By Nick Assinder
Political correspondent, BBC News website
Home Secretary John Reid is investing a huge amount of his own political capital in the decision to split his "dysfunctional" department in two.
He believes the current Home Office is far too big and unwieldy and that separating out responsibility for justice and for security into two distinct departments ministers will be able to get a proper grip on them.
John Reid is accused of rushing through reform
Specifically, as he told MPs in a sometimes heated Commons debate, he believes the terrorism threat requires a powerful new unit within the Home Office able to "focus" its attention on combating that threat rather than being distracted by issues of justice like sentencing and probation.
His critics, however, have warned that the effect of this split will actually be to exacerbate the problem at the heart of the Home Office's woes - that there is inadequate co-ordination between the different sections.
If the left hand already does not know what the right is doing, sticking them on different people's arms will only make matters worse, they claim.
The first row came after the Tories forced Mr Reid to the Commons to make an emergency statement on the proposal amid claims the Home Secretary was revealing it on the day MPs left the Commons for a two week Easter break, so avoiding proper debate.
And there were serious concerns being raised over the proposal from all sides.
Former Home Secretary Charles Clarke went so far as to brand the move "irresponsible", which led to a slap down from Mr Reid, accusing him of having got things wrong during his time in the job.
Home Office was deemed not fit for purpose
Shadow home secretary David Davis said the move would distract the departments for months and end up with even more problems with crime, immigration and security.
"Because of the way it has been done, the creation of a department of justice and a department of security will leave public security undermined, and a justice system overwhelmed," he said.
He also repeated the suspicions voiced elsewhere that the decision was a botched job after a row between ministers over who controlled what.
The Liberal Democrat's Nick Clegg also highlighted what is believed to be the underlying politics of the decision, claiming it is being rushed through by Mr Reid and Tony Blair before Gordon Brown - thought to be lukewarm, at best, over the proposal - becomes prime minister.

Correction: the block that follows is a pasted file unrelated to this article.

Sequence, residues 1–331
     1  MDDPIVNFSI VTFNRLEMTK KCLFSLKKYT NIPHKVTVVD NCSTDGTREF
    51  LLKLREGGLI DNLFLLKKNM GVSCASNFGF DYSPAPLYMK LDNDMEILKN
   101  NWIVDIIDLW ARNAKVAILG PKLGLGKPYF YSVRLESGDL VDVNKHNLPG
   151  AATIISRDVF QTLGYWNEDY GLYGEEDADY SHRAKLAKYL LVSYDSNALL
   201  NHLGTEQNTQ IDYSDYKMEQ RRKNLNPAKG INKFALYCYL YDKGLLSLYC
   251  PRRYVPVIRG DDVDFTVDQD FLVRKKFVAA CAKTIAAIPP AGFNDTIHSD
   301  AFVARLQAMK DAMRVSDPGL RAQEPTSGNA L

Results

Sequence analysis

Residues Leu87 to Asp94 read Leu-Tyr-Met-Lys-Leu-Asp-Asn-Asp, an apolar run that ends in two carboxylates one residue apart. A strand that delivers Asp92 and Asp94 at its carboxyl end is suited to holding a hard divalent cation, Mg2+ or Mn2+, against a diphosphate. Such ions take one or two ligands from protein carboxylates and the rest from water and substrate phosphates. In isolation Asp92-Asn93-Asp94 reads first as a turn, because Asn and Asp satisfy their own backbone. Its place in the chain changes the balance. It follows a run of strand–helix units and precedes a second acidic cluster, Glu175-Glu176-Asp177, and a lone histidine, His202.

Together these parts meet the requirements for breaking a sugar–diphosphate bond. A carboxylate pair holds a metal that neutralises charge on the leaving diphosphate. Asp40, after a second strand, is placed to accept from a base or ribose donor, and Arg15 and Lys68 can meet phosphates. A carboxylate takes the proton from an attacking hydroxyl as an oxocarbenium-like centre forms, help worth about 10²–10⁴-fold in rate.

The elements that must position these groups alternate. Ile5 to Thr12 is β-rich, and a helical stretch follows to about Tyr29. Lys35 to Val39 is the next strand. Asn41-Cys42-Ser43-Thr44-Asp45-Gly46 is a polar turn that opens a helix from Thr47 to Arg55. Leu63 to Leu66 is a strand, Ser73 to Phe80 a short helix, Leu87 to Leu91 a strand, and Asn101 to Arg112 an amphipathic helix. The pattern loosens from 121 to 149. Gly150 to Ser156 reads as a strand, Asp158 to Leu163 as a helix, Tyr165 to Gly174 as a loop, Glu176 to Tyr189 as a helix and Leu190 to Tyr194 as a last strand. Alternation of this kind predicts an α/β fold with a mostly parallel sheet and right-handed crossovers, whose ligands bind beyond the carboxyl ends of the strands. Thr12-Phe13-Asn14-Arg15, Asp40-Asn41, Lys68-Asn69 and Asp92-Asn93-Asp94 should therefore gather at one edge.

He also noted the fact that an inquiry into the 7 July bombings had been rejected on the grounds it would distract attention from the fight against terrorism.
Would not, he asked, the time and effort taken in arranging the department's split be greater than holding a public inquiry would have taken up.
There is a suspicion already running around Westminster that Mr Brown may want to take an entirely different approach to the Home Office.
Mr Blunkett opposes Home Office split
It has previously been suggested, for example, that he wanted the anti-terrorism effort concentrated under the cabinet office.
Since Mr Reid's split plan was originally floated former Labour home secretaries have confirmed they also considered such proposals while in post, but rejected them.
Jack Straw said he opposed the idea when he ran the department, saying he felt he could cope with the department's broad range.
But he said he had changed his mind as a result of the huge growth of terrorism and counter-terrorism as an issue since the terrorist attacks on 11 September.
His successor, David Blunkett, also dismissed such suggestions and still opposes them, warning the "Balkanisation of government" - with departments led by a number of ministers - would inevitably concentrate power into the hands of the prime minister and chancellor.
But this has now become Mr Reid's big idea and, if he remains as home secretary, as expected, under Gordon Brown's likely premiership he will feel the full effects of its success or failure.